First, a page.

Concussion and the Law
The issue of concussion and injury to the brain as a result of impact sustained through sport has become increasingly controversial in recent years. The emergence of medical data linking mental health conditions such as chronic traumatic encephalopathy (CTE), Alzheimer’s disease and depression to head trauma suffered during high impact sport has resulted in an increasing volume of litigation in which sport’s governing bodies are being held legally accountable for sport related brain injuries. What is the duty of care of governing bodies to exposing participants to brain injuries?
In October 2006, thirteen-year-old Zackery Lystedt was rendered permanently disabled after sustaining a concussion in an American football game. During the game, Lystedt tackled another player and in doing so struck his head off the ground. He was visibly in discomfort and was removed from the game temporarily but re-joined it soon after. Lystedt later collapsed on the pitch and was airlifted to hospital where he underwent surgery to remove both sides of his skull to relieve the pressure from his swollen brain, brought about by the impact he sustained during the game. It took three years from the day of the accident until Lystedt could stand again. By returning to the football game prematurely, Lystedt’s life had been placed in grave danger.
In May 2009, the Lystedt Law was enacted in Washington DC. This relates only to recreational amateur sporting contests. Aside from educating young players on the issue of concussion, the key features of the legislation are that both the parents/guardians of the players and the coaches are required to sign a head injury information document. Furthermore, should a player who is suspected of being concussed be removed from the game, they must be given written clearance from a health care official with specific training in concussion before returning to play. The school or club will be absolved from legal responsibility during the game provided that it occurred on school property, the school was adequately insured and that it provides a statement of compliance with head injury protocols, including concussion, in sport.
On the 19th July 2011, a group of seventy-five plaintiffs, all of whom were either ex-players or spouses, alleged that the National Football League (NFL) had failed to protect players from long term brain injury as a result of football related concussions. It was further alleged that the league had failed to implement mandatory return-to-play guidelines for players who had been concussed, had failed to adequately regulate post-concussion medical treatment of the players and had misrepresented to the players that there was no link between brain injuries of this nature and mental health conditions in later life. A further two hundred and fifty-two actions were brought against the NFL, each of which followed the same line of allegations. The body of lawsuits was ultimately combined into one multi-district action which was settled in May 2015. and lead to the creation of an Injury Compensation Fund estimated to be worth in excess of $900 million to compensate former football players who show symptoms of severe cognitive impairment.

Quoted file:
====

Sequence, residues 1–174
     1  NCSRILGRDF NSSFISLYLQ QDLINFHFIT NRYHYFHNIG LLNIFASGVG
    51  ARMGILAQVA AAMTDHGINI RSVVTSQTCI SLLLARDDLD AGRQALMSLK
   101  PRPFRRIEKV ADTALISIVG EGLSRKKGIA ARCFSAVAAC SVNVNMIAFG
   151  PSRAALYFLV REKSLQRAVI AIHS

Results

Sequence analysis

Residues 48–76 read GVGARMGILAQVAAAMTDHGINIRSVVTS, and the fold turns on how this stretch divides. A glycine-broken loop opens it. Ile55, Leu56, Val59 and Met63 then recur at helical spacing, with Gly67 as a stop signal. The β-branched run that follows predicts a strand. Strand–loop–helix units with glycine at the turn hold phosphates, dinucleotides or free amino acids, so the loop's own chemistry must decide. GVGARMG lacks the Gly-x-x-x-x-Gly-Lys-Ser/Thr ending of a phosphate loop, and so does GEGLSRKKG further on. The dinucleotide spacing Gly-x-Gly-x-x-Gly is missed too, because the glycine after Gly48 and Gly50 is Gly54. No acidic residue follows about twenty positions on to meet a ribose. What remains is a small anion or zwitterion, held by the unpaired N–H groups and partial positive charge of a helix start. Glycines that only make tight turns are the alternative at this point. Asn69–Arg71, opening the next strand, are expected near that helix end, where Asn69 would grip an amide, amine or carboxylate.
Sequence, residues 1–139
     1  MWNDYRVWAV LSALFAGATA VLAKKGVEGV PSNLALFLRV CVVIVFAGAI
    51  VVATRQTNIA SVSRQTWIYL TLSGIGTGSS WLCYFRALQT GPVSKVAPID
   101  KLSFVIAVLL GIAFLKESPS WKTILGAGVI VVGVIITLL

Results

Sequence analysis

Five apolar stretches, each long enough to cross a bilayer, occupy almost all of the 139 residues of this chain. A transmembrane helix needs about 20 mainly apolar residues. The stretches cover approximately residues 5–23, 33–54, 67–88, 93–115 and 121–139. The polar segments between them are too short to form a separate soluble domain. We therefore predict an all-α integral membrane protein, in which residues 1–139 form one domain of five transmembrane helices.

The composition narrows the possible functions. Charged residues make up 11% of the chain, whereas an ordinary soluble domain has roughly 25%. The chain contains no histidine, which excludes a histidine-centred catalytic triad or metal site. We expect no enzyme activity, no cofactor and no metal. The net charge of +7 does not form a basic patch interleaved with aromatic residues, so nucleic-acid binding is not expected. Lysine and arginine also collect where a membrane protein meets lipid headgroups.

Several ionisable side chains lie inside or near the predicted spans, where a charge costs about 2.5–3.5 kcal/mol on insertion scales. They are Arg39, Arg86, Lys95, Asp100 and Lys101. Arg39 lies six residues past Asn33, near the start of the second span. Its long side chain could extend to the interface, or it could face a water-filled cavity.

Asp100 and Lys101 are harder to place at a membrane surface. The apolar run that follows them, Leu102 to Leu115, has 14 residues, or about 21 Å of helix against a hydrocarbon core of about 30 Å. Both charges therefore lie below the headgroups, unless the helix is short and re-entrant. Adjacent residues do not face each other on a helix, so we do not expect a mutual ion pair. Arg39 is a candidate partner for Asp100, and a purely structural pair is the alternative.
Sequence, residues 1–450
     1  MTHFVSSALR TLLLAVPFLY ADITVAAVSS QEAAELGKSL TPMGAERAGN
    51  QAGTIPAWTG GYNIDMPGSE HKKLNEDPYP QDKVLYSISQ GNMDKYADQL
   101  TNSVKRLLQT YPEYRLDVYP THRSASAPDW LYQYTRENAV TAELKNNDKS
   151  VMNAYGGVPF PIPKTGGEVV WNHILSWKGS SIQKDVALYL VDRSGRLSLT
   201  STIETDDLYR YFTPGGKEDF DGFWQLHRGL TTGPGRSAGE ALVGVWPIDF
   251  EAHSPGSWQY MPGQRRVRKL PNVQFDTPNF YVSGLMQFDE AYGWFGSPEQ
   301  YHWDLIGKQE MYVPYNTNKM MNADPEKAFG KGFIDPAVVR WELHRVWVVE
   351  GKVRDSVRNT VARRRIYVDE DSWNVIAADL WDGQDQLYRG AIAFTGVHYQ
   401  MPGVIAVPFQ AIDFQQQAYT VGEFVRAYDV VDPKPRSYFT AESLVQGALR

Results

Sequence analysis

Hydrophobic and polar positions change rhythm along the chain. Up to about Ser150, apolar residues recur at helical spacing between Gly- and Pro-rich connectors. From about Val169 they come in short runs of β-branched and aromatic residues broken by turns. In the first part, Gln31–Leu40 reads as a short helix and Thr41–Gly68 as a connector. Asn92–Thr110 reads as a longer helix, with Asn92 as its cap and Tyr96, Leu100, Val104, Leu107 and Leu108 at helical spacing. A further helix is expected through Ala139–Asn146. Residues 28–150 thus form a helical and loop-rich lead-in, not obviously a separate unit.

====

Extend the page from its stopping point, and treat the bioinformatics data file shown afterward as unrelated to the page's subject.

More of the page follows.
During the 2015 Six Nations, Welsh winger George North took two blows to the head during a match against England. North was struck by a boot in the first half. Then in the second half he clashed heads with Richard Hibbard and briefly lost consciousness. North was allowed to re-join the play on both occasions. The Welsh Rugby Union was subsequently cleared of wrong doing by World Rugby of its decision to allow him stay on the pitch. It was ruled by the international governing body that neither the Welsh medical staff or an independent doctor witnessed the incident before treating him and they were found to have “acted within the framework of information they had at the time”. However, it was conceded that North should have been removed from the game.
In August 2016, Cillian Willis became the first professional rugby player to issue proceedings against his employer, Sale Sharks, on the grounds of negligence. He alleges that the club failed to adequately treat him after experiencing two head injuries in a rugby match in March 2013, a short time after which he was forced to retire from the game due to concussion. Under World Rugby guidelines, a player who is suspected of being concussed is forbidden from taking any further part in the game on the day. Allowing Willis to return to play following the head injuries clearly represents a breach of these guidelines by his employers if they knew about it. This is in addition to the duty of care that exists between the player and match official. Legal proceedings have also been issued by professional rugby player Jamie Cudmore against his former club Clermont Auvergne on the same grounds of negligence. Cudmore alleges that after sustaining an impact to the head, after which he failed a test used to identify concussion symptoms, he was allowed to return to play. The club argues that he insisted on returning to the field, but is there a duty of care on clubs to protect players from themselves? The answer has to be a resounding “yes”.